33: Grandma (dir Chris Weitz)
A perfect little modern family comedy, irrascable lesbian grandmother, pregnant granddaughter looking for money to get an abortion. Grandma has a consistently funny and matter of fact script, consistently well played but mainly built around a very strong and comfortable Lily Tomlin performance. Julia Garner’s frizzy haired granddaughter grows admirably in the film, but it knows its point, it avoids needless sentimentality whilst dealing with the most sentimental of topics and gets out under 80 minute. Terrific stuff.
32: Timbuktu (dir Abderrahmane Sissako)
So your in Africa and ISIS and their like have taken over your area. What does this do to you if you are a kid, a woman, a farmer, the resistance. Dripping with sadness, and framed and shot beautifully, Sissako threads moments of droll satire in and around his ultimately tragic story. Perhaps it is a bit broad in places, and is quite happy to settle on some beautiful imagery rather than build a complex narrative, but it is an undeniably powerful movie.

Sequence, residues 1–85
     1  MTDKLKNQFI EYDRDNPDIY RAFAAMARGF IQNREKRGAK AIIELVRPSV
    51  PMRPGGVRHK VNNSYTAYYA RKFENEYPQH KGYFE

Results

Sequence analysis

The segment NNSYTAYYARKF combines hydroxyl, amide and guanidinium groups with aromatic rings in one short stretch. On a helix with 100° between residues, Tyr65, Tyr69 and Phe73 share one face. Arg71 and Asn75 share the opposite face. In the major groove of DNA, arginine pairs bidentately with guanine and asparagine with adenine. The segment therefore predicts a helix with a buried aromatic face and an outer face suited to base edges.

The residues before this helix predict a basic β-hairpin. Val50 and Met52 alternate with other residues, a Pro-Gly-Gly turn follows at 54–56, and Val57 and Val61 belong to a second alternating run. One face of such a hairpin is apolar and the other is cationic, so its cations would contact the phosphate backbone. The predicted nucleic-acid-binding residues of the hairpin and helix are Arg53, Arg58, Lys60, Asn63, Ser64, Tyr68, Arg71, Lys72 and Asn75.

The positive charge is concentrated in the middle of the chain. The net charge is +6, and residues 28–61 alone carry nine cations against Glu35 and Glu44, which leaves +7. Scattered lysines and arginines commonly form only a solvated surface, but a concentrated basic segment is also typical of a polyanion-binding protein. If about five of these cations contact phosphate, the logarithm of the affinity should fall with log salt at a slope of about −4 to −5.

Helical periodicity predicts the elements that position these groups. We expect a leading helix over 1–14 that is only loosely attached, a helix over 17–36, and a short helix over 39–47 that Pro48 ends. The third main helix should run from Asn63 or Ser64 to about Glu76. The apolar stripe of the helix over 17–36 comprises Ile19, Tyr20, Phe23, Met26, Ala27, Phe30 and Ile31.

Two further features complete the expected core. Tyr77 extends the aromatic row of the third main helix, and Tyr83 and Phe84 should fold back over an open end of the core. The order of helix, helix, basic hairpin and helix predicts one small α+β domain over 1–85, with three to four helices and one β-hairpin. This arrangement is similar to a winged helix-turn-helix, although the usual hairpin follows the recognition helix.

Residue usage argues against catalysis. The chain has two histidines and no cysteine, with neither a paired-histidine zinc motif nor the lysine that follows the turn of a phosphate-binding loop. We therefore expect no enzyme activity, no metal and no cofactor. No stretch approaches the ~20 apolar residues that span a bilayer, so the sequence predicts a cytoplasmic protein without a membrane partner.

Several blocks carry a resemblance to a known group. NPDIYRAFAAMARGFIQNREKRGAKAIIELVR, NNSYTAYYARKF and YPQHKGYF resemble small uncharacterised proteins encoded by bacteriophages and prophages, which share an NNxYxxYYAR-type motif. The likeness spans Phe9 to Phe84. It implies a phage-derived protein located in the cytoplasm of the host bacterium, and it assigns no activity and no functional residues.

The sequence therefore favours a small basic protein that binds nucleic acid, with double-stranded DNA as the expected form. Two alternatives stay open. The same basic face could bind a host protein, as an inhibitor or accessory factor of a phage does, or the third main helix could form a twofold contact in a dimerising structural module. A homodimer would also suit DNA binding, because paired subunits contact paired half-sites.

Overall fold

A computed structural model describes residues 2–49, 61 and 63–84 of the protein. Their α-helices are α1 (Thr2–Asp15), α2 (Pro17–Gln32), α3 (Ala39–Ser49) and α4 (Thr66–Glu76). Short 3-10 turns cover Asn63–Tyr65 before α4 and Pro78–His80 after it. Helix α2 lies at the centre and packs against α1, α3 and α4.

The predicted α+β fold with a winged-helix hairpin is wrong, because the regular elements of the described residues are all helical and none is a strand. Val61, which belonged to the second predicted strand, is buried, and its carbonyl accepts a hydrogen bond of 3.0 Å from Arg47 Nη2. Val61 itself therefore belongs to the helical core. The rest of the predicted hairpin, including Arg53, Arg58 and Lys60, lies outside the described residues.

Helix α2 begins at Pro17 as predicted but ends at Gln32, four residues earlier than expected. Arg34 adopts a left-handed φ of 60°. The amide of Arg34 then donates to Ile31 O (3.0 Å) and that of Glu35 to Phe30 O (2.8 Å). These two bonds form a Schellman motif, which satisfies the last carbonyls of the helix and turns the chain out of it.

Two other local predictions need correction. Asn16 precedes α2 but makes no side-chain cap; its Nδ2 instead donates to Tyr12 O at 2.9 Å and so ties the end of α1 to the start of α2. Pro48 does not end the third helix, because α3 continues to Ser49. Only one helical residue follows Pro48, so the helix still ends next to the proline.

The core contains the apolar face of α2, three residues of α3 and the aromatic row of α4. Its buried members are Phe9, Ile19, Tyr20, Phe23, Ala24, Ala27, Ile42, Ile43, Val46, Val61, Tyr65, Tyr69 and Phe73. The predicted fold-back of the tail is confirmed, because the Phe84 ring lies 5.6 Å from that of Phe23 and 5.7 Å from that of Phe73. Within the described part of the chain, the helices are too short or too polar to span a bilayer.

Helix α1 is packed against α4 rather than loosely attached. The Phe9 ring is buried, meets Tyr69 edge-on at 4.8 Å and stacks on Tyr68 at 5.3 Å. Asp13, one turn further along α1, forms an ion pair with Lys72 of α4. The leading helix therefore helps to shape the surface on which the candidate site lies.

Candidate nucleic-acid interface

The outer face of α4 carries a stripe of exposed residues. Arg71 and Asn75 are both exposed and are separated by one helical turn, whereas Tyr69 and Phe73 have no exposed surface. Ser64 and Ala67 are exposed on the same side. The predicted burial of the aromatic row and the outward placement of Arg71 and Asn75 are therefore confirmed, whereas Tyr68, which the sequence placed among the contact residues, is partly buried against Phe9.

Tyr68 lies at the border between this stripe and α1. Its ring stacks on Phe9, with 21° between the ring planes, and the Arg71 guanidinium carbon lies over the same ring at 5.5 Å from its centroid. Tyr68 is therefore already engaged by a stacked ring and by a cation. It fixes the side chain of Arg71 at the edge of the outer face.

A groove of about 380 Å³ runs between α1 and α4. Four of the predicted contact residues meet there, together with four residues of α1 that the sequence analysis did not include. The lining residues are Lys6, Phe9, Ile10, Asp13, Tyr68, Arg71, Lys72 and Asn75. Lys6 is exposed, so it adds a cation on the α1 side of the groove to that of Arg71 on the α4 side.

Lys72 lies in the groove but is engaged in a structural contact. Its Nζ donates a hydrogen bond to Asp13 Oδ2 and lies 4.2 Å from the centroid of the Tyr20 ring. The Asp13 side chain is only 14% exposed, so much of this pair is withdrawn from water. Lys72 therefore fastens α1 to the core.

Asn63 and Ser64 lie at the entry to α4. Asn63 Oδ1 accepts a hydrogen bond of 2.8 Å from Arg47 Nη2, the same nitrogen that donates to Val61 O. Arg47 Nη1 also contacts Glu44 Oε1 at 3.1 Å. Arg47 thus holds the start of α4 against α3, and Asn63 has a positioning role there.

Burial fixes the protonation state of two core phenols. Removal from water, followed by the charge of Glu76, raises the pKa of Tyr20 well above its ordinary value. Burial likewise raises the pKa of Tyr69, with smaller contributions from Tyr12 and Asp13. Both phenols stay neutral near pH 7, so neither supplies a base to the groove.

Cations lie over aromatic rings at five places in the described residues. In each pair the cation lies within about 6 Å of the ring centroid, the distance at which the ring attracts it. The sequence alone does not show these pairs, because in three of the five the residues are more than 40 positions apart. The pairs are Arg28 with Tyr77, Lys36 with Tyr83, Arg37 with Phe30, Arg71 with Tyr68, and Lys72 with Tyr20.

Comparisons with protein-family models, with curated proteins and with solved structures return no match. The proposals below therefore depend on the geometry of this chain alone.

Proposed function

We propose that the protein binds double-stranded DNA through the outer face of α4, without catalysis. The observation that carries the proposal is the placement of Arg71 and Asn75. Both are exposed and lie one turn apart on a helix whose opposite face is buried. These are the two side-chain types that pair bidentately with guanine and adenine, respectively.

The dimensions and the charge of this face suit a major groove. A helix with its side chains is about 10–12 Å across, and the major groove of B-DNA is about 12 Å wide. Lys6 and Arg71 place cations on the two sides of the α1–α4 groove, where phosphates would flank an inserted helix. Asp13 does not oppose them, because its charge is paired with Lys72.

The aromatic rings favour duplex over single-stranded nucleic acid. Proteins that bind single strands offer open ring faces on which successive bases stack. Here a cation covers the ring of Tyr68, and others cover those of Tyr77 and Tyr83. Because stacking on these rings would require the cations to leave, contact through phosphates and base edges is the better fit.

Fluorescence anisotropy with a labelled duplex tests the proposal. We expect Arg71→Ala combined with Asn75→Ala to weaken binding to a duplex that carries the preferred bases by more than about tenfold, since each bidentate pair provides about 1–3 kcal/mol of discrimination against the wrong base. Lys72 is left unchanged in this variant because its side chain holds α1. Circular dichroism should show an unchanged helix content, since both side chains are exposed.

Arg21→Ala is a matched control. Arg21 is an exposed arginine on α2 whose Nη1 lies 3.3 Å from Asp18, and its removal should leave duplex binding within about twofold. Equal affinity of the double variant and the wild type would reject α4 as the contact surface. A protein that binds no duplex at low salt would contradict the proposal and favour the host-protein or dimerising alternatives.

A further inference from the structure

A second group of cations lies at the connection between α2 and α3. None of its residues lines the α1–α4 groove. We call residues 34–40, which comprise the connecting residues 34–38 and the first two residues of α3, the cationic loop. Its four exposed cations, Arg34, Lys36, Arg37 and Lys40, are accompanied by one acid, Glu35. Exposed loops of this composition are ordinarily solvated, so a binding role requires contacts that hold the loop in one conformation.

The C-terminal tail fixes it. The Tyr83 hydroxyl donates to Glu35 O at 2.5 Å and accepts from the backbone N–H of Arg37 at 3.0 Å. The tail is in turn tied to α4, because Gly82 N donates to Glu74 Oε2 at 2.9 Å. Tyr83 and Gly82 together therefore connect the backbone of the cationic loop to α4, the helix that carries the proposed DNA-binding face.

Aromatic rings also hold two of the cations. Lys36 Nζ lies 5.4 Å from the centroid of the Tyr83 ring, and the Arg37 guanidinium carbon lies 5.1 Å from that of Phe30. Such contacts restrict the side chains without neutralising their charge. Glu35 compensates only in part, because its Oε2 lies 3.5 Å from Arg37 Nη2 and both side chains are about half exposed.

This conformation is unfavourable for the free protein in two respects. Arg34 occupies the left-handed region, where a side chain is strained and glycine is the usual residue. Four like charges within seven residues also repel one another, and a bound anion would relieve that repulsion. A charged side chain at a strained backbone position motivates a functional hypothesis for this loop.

31: Ex Machina (dir Alex Garland)
There are two views of Ex Machina. One is seeing it as a small, deliciously creepy piece of thoughtful science fiction about artificial intelligence and gender roles. The other is to see it as the obvious first directed film of Alex Garner who has clearly read too many Tharg’s Future Shocks in 2000AD. I sort of thought the latter, and its joys (including the best dance sequence of the year) were more in seeing a pretty classic AI movie made and being acted extremely well. Also notable for being the first of nine films released this year with Alicia Vikander in it, and probably her best.
“Hey, Harrison Ford (yes, that one) here again, and they all sound jolly interesting – except I don’t know whata Bond movie is and that Ex Machina just looks like a Metropolis rip-off to me. Still we will be back soon with the next ten movies for me to catch up on the streaming beyond the grave services. Till then.”